What To Feed a Pitcher Plant: A Comprehensive List (Plus Feeding Tips)


Pitcher plants extract key nutrients from the insects they capture. In this article, I will share with you a comprehensive list of food options to keep your Pitcher plant healthy.

Pitcher plants can eat and be fed almost any live or dead insects or spiders, such as ants, gnats, fruit flies, house flies, months, and rolly pollies. Also, pitcher plants can benefit from fertilizer pellets. A single bug once a month is enough to keep a Pitcher plant thriving.

If you are unsure how to feed a pitcher plant or do not know what type of food to employ, keep reading for the complete list and instructions.

Pitcher plants are one of my favorite carnivorous plants due to their spectacular modified leaves. I have grown carnivorous plants for several years and have found great success when feeding pitcher plants. In this guide, I will share with you suitable food options and best practices to keep pitcher plant healthy and thriving.

Pitcher plants, like all other plants, produce their food through photosynthesis. They do not rely on capturing bugs to survive; they only capture insects to extract key nutrients that give them a boost. It is a similar effect to employing fertilizers.

Since pitcher plants grow in areas characterized by low nutrient levels, they need to extract elements from insects. The insects Pitcher plant capture should be considered a fertilizer rather than food.

In many cases, you can let Pitcher plants capture their own insects. They will thrive as long as they capture at least a couple of bugs every month during the growing season.

When Pitcher plants are unable to capture bugs, it is recommended to feed them. Bugs act as a fertilizer as they help boost growth.

Here is a comprehensive list of food options for Pitcher plants; some are insects, others are artificial options:

  • Flies
  • Cricket
  • Mealworms
  • Yellow Jackets
  • Caterpillars
  • Bees
  • Butterfly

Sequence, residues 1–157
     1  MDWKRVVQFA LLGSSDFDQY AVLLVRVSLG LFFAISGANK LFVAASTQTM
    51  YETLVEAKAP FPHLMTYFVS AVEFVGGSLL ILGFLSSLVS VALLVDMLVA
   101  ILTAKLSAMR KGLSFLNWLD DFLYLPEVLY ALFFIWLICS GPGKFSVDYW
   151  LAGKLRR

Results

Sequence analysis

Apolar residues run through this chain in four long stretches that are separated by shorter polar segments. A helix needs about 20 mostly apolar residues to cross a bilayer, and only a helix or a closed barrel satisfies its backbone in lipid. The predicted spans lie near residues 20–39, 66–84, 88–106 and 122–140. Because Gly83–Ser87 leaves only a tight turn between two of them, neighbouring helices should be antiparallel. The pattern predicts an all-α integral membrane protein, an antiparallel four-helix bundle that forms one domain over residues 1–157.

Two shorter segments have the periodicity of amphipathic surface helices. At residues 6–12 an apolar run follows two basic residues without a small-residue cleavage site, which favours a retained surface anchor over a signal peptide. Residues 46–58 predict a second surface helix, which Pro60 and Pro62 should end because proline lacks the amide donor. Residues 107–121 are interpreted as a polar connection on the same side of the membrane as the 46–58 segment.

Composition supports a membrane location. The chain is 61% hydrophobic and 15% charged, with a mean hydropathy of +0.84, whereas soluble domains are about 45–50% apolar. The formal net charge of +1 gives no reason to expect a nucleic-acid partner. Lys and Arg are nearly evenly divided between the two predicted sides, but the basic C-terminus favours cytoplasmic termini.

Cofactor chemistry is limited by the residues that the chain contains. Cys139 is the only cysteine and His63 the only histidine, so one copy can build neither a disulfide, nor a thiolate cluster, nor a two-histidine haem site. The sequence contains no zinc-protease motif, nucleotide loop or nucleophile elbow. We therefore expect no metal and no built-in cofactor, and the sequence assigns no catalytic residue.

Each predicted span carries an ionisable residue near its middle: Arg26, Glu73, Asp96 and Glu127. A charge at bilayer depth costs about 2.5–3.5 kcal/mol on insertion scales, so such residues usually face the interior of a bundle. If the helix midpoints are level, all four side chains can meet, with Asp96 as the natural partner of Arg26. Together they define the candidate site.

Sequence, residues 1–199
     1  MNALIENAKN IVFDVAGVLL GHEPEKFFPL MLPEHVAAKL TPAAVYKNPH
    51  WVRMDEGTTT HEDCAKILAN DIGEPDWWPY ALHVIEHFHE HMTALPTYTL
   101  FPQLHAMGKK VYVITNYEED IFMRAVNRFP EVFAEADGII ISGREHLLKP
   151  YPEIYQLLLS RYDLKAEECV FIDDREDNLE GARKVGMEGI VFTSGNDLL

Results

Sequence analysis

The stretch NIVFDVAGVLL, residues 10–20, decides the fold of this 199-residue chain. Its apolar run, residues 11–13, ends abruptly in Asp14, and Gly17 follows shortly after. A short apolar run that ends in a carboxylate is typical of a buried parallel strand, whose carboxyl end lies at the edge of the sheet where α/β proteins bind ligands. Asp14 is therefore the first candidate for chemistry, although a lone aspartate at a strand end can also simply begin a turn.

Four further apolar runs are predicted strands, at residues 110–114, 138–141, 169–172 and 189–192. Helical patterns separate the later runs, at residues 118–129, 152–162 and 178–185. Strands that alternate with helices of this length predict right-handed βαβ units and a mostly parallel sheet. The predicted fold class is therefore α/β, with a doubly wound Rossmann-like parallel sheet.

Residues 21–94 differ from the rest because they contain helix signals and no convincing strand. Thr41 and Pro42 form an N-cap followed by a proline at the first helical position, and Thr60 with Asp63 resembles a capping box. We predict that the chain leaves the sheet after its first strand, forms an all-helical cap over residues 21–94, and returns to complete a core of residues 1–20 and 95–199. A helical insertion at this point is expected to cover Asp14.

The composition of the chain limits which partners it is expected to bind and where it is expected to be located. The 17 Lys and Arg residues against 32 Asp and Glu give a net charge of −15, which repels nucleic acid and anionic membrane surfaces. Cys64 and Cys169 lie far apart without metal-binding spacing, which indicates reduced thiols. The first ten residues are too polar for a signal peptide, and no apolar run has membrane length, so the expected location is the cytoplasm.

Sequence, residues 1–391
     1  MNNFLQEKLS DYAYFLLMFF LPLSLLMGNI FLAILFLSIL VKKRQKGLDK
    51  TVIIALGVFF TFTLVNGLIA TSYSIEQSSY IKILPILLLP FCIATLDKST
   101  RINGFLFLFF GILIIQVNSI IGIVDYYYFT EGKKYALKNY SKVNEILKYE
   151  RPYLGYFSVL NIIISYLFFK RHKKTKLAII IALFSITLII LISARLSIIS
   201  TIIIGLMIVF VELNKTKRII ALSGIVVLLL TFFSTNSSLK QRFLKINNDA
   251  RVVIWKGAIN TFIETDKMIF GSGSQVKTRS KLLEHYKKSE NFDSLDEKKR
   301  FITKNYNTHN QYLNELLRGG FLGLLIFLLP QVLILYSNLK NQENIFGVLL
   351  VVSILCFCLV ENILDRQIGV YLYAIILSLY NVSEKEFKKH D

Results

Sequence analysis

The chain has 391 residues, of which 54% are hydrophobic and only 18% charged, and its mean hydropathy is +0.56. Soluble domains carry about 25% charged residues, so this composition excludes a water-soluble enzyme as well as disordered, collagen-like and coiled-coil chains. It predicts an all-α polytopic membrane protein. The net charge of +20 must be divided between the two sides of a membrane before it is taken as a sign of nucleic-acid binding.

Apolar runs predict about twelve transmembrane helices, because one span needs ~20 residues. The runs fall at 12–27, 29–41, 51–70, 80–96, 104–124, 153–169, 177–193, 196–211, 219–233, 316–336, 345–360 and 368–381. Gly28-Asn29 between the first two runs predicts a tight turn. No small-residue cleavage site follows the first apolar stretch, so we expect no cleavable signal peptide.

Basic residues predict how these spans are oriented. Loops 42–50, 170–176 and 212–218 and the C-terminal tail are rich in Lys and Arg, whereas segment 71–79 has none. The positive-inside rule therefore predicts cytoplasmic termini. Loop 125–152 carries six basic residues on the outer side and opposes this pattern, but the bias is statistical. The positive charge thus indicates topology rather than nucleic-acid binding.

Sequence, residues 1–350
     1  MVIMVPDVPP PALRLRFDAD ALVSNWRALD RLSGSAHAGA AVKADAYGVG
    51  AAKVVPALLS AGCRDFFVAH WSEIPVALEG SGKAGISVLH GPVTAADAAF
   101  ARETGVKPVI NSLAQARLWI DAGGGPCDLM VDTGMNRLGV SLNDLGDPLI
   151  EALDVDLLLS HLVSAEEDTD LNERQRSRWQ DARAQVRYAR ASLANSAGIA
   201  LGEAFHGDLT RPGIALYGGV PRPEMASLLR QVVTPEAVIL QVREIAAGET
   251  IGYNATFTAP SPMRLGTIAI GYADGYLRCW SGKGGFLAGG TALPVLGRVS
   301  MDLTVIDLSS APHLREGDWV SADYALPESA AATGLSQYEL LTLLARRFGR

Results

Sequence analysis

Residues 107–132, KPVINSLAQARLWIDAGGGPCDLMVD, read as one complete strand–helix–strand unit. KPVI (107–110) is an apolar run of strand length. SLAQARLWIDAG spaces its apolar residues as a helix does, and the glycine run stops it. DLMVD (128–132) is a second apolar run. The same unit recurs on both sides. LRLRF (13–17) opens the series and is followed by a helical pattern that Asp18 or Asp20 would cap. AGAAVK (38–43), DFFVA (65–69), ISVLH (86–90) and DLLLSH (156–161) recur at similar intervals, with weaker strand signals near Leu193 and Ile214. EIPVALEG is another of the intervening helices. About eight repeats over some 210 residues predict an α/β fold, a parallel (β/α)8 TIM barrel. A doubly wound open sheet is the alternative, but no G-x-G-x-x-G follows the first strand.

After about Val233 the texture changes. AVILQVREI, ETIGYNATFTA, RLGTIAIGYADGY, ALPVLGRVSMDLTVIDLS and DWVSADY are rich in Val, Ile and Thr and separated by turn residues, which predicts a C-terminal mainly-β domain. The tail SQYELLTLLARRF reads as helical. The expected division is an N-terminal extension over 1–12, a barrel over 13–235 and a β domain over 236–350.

• Bloodworms
  • Fruit flies
  • Gnats
  • Ants
  • Worms
  • Rollie pollies
  • Beetles
  • Spiders
  • Ladybugs
  • Grasshoppers
  • Mosquitos
  • Cockroaches
  • Moth
  • Slug
  • Fish food
  • Fertilizer pellets

Pitcher plants are not picky in what they can or cannot eat. They will be happy consuming most insects and spiders. In the wild, Nepenthes and Sarracenia attract a wide range of creatures. On most occasions, they lure flying insects, but crawling insects are also common prey.

Feel free to collect bugs from the garden or a park and feed your plant.

Pitcher plants can consume live or dead bugs. Both options provide nutritional benefits and are available at most pet stores. For example, you can employ insects, such as mealworms, crickets, and bloodworms which are incredibly nutritious.

Personally, I like employing highly nutritious insects with lots of soft tissue, such as crickets or mealworms. But, overall, most bugs provide enough nutrients to encourage growth for your plant.

Can Pitcher Plants eat slugs and caterpillars? Pitcher plants can capture and consume slugs, caterpillars, and other similar insects. However, employing large slugs or caterpillars can be risky. These insects (if big and robust enough) can eat their way out of the pitcher and harm Pitcher plants.

Can Pitcher plants eat cockroaches? Pitcher plan can eat cockroaches without a problem, as average cockroaches fit in medium-sized Pitcher plants. However, Pitcher plants do not provide a pest control solution.

Besides insects, there are also artificial food options such as fish food and fertilizer pellets. You can drop bits of fish food or fertilizer pellets inside the pitchers of your plant one every month. If you decide to employ this option, I recommend doing a trial run. Start by feeding a single pitcher and verify there are no negative effects.